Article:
How the Informal Housing Market Deepens Racial Inequities in Baltimore

Posted March 15, 2021
Blocks of row homes in a Baltimore neighborhood

Buy­ing a home has long been seen as a rite of pas­sage in Amer­i­can cul­ture, a mark­er of eco­nom­ic auton­o­my and secu­ri­ty. But while the com­mon per­cep­tion of the process might involve agents, mort­gage bro­kers and banks, stud­ies show that mil­lions of fam­i­lies across the nation have pur­chased homes through oth­er chan­nels with­out the ben­e­fit of insti­tu­tion­al cred­it. A paper pub­lished in the jour­nal Social Prob­lems — with find­ings from a study fund­ed by the Annie E. Casey Foun­da­tion— sheds light on these infor­mal mar­kets in Bal­ti­more and how they often dis­ad­van­tage buy­ers and exac­er­bate racial inequities.

House of Cards: Infor­mal Hous­ing Mar­kets and Pre­car­i­ous Path­ways to Home­own­er­ship in Bal­ti­more, by Chris­tine Jang-Tret­tien of Princeton’s Cen­ter for Research on Child Well­be­ing, exam­ines where and how infor­mal prop­er­ty trans­fers take place — and explores the con­se­quences of acquir­ing homes out­side the bounds and pro­tec­tions of the for­mal mort­gage market.

An ini­tial analy­sis of pub­lic deed and mort­gage records in Bal­ti­more showed that infor­mal trans­ac­tions are con­cen­trat­ed in the city’s major­i­ty-Black neigh­bor­hoods. The research team at the Johns Hop­kins Pover­ty and Inequal­i­ty Research Lab (PIRL) worked with Prince­ton to con­duct in-depth inter­views with 336 home­own­ers, renters and real estate investors in East and cen­tral Bal­ti­more to drill deep­er into the ben­e­fits and costs of this way of acquir­ing homes.

The paper iden­ti­fies sev­er­al routes to home­own­er­ship out­side the for­mal mort­gage sys­tem: Buy­ers can pur­chase direct­ly from their fam­i­ly mem­bers, their land­lords or out­side real estate investors, or receive prop­er­ty as a gift or inher­i­tance. These sce­nar­ios share a cou­ple of key characteristics:

  1. Trans­ac­tions often take place only between buy­ers and sell­ers, with no inde­pen­dent, third-par­ty over­sight to ensure the inter­ests of both sides are fair­ly represented.
  2. Buy­ers often lack access to vital infor­ma­tion and doc­u­men­ta­tion, such as clear title and full knowl­edge of the con­di­tion and the val­ue of the prop­er­ty, mak­ing it near­ly impos­si­ble for them to make informed deci­sions about the costs and ben­e­fits of home­own­er­ship at the time of purchase.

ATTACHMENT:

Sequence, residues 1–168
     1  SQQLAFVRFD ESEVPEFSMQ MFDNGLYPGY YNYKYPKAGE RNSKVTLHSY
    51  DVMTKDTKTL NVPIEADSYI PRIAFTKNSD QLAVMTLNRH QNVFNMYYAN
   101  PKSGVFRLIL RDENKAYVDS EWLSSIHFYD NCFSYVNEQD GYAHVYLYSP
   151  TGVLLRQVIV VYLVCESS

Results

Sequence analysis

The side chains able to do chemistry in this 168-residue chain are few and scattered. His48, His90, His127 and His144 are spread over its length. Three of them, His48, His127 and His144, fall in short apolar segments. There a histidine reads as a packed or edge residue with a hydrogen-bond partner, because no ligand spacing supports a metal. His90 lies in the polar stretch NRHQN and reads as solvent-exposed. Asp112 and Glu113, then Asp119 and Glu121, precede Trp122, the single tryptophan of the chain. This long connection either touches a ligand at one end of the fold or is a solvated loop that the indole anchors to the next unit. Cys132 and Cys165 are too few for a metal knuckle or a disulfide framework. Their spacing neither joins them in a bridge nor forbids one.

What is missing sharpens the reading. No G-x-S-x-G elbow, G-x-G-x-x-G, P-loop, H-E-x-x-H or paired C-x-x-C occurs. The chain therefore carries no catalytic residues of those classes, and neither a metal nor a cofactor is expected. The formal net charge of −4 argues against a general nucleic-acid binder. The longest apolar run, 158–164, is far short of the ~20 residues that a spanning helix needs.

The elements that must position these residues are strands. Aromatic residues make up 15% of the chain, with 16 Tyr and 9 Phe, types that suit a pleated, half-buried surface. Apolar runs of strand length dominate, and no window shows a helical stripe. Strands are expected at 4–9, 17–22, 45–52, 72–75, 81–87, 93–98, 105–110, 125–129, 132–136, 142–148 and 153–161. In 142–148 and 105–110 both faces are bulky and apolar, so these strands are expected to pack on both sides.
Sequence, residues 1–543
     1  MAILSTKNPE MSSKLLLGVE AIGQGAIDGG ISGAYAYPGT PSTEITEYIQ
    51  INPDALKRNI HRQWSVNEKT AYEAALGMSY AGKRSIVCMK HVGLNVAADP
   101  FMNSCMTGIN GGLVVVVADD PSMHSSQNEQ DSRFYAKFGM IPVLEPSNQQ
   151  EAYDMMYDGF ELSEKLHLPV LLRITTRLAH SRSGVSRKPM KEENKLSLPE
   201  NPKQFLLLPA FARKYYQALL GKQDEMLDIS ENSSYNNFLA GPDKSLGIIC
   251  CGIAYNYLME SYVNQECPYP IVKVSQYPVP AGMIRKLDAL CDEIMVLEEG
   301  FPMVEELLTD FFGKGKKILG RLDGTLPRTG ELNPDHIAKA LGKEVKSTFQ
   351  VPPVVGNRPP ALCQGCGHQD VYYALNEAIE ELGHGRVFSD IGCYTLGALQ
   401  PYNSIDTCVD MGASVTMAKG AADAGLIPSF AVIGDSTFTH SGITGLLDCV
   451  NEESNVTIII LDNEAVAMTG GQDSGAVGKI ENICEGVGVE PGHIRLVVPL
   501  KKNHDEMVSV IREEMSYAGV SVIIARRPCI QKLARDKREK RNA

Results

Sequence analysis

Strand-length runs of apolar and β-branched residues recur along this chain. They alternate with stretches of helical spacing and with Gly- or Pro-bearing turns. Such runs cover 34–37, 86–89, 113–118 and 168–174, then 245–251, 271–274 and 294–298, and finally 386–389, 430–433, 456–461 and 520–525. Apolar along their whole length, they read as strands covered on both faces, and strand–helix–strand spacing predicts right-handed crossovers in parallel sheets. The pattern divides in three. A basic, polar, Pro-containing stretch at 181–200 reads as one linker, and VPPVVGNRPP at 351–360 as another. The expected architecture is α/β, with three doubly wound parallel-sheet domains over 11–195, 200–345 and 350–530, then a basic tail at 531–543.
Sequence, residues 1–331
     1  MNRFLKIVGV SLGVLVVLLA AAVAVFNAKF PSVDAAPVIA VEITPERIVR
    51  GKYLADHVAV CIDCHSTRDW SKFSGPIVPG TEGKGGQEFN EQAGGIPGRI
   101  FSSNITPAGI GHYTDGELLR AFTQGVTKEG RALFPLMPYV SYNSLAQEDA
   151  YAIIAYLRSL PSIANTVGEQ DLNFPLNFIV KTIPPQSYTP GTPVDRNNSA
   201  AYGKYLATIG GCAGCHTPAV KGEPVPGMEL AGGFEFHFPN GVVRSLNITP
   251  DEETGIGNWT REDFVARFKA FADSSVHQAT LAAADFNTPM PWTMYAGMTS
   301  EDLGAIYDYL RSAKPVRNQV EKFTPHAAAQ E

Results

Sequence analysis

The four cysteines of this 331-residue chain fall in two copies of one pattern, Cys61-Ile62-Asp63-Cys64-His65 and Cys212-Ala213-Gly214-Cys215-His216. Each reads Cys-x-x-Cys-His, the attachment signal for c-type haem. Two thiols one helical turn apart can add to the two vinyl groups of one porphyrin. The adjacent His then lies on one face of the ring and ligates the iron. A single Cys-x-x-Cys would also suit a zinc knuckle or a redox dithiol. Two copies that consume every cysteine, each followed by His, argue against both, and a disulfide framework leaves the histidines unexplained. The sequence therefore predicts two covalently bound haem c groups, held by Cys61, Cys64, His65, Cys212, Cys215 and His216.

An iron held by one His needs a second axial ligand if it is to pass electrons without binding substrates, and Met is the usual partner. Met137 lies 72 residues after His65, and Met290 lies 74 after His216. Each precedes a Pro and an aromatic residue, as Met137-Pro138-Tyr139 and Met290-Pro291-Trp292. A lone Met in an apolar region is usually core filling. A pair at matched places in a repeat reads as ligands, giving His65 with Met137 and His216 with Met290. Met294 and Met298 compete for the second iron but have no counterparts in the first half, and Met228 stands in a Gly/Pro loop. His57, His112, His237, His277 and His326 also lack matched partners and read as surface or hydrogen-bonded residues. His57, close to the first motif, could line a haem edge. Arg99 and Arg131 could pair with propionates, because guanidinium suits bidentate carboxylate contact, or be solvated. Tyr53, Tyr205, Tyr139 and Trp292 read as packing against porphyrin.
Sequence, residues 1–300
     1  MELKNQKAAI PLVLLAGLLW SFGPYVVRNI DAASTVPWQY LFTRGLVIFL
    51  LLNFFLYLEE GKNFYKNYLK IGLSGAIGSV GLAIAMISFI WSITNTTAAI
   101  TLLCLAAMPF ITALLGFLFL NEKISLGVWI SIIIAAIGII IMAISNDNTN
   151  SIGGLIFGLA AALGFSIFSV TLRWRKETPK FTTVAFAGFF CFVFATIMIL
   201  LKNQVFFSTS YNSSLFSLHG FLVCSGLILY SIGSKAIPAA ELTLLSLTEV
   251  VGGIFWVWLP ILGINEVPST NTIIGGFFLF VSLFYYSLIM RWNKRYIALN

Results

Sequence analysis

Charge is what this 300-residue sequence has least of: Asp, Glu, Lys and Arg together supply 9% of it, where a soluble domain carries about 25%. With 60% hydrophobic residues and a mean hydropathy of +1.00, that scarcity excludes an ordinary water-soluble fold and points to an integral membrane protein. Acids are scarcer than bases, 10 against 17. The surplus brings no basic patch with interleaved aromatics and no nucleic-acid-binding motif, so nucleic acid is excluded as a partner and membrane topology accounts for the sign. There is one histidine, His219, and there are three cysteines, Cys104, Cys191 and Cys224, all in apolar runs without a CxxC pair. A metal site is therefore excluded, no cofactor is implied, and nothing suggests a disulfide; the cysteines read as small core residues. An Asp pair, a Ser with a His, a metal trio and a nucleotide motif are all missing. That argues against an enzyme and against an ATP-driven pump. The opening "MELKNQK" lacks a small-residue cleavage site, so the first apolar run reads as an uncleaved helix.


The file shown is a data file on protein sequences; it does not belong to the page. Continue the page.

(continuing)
As a result of these con­di­tions, buy­ers who pur­chase through infor­mal sales are much more like­ly to encounter unwel­come sur­pris­es — rang­ing from years-old liens on the prop­er­ty to nec­es­sary repairs that cost well over what they paid — after they’ve set­tled into their homes. Clear­ing these hur­dles usu­al­ly adds no val­ue to their home; but ignor­ing them can lead to fore­clo­sure or an unin­hab­it­able prop­er­ty. Even those who were giv­en or inher­it­ed their homes were like­ly to end up with unex­pect­ed costs, and more than a third of those who had been giv­en a home did not actu­al­ly hold title to their homes at the time of the interviews.

Despite these risks, infor­mal hous­ing trans­ac­tions serve an impor­tant func­tion. With­out them, low-income fam­i­lies with­out access to for­mal cred­it would be unable to pur­chase even low-val­ue prop­er­ties. And no mat­ter the costs or headaches of home­own­er­ship, most peo­ple the researchers inter­viewed expressed con­fi­dence in the secu­ri­ty of these trans­ac­tions, at least in the short term.

A full appre­ci­a­tion of the role of infor­mal trans­ac­tions, how­ev­er, involves a reck­on­ing with how they evolved in the first place — as an effect of the cred­it dis­crim­i­na­tion, preda­to­ry lend­ing and redlin­ing in pre­dom­i­nant­ly Black com­mu­ni­ties. Racial dis­crim­i­na­tion has pre­vent­ed Black fam­i­lies from buy­ing good homes in safe neigh­bor­hoods and instead worked to seg­re­gate them into areas of con­cen­trat­ed pover­ty. In East Bal­ti­more, the medi­an sales val­ue of homes was approx­i­mate­ly $11,000 — an amount too low for tra­di­tion­al lenders but still high for buy­ers with­out much cash on hand, often lead­ing buy­ers and sell­ers to pur­sue alter­na­tive financ­ing arrangements.

T’Pring West­brook, a senior research asso­ciate at the Foun­da­tion, said the study’s find­ings illu­mi­nate impor­tant con­sid­er­a­tions for devel­op­ing hous­ing poli­cies, espe­cial­ly dur­ing the pan­dem­ic, when many home­own­ers are strug­gling to keep up with pay­ments. Under­stand­ing how infor­mal mar­kets oper­ate is crit­i­cal to get­ting an accu­rate pic­ture of how homes are real­ly bought, sold and financed,” West­brook says. Pol­i­cy­mak­ers must make sure that the solu­tions they devel­op don’t leave some com­mu­ni­ties behind.”

Read more about how fam­i­lies make hous­ing decisions

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